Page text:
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Jan 30, 2024, 2:11pm EST
business

Goldman executive departure exposes weak bench

Reuters/Brendan McDermid
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The News

Wall Street’s favorite parlor game — Goldman Sachs kremlinology — got new life this week when an executive high up in the line of succession abruptly quit.

The buzz around the departure of Jim Esposito, who had run Goldman’s core Wall Street businesses of trading and dealmaking, is building just as the firm’s 400-odd partners head next week to Miami for their biannual retreat.

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Liz’s view

Morgan Stanley just finished a picture-perfect CEO handoff. Jamie Dimon, fresh off his latest reshuffle, will have his pick of seasoned candidates to succeed him.

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Esposito’s departure suggests a messier road ahead at Goldman’s headquarters at 200 West Street. It clears one thing up: CEO David Solomon isn’t going anywhere soon. But it exposes a curiously weak bench at a place that’s seen as a magnet for talented and ambitious people.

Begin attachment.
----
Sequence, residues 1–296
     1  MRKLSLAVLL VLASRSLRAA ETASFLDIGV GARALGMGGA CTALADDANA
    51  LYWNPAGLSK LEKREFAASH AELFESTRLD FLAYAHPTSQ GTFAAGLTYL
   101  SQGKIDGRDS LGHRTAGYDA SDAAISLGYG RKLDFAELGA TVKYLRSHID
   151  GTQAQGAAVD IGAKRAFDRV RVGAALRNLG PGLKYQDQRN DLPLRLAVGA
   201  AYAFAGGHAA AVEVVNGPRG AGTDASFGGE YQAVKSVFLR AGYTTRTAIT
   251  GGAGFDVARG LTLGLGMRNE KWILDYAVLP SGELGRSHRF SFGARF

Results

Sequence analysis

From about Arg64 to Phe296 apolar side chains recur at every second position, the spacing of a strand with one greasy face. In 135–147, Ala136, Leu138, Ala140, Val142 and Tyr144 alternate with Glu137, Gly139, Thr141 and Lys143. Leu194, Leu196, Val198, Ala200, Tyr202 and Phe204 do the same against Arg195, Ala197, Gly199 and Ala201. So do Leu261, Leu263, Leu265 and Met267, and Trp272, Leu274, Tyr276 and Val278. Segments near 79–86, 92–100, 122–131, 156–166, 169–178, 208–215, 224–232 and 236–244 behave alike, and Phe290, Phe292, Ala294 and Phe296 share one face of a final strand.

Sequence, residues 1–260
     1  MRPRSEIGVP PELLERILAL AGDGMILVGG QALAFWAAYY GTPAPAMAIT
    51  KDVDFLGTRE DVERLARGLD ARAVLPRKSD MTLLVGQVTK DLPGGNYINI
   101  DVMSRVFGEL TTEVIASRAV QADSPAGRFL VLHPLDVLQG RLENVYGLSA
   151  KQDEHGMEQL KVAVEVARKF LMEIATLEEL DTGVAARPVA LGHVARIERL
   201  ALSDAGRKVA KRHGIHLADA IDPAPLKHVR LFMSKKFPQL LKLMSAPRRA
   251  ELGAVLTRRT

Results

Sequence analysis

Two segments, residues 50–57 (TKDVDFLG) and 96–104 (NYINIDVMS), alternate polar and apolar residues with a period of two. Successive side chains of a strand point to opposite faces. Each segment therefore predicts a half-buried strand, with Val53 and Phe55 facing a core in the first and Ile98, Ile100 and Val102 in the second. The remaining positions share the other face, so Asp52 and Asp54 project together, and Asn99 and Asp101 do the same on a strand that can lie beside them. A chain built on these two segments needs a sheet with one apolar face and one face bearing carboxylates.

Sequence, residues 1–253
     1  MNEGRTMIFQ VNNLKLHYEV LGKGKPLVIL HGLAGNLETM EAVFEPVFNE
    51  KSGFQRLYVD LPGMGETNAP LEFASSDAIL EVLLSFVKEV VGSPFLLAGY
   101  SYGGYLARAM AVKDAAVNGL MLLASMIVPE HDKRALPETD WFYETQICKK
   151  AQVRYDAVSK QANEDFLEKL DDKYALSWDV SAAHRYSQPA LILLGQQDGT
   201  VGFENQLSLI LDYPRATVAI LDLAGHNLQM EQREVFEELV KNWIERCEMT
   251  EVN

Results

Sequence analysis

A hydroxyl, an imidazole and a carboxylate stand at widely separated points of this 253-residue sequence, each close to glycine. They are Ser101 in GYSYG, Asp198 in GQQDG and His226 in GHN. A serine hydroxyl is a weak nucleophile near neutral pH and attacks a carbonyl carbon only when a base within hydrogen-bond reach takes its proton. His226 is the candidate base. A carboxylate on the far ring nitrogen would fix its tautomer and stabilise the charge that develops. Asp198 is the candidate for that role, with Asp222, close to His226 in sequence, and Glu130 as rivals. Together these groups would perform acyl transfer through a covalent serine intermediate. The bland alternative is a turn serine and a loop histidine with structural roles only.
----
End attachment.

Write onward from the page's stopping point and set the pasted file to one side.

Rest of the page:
Esposito was a latecomer to the succession stakes — in 2018, he was sharing the title of chief operating officer of a trading-floor subdivision — and he never quite had the gravitas of a central-casting CEO. But he made himself a contender through shrewd internal politicking and good execution. Corporate unrest favors underdogs, and he rose quickly by putting a steady hand on Goldman’s mainstay businesses. (He convinced Solomon to merge them, a move that’s worked out pretty well and conveniently expanded his remit.)

During his tenure, Goldman’s traders took the equities crown back from Morgan Stanley and led Wall Street in newer fixed-income products like portfolio trading and private-fund loans. His parting words suggest the decision to leave was his, and I’m told this is the rare corporate departure that looks like what it is: A CEO-in-waiting-in-waiting who got tired of waiting.

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Solomon survived a trying year, when restive partners and sniping alumni threatened his hold over the firm. But the noise was always louder outside 200 West than inside it, and quieter still in the boardroom. Solomon is sounding lately like a CEO firmly in control of the firm and his job, with a few years’ worth of plans.

The job will be Goldman President John Waldron’s if he stays long enough. But the depth chart falls off quickly. Marc Nachmann is a screw-tightening inside man. Ashok Varadhan is a floor trader at heart. Dan Dees, a well-liked banker, has spent his career in satellite offices. It will take time to replenish the ranks.

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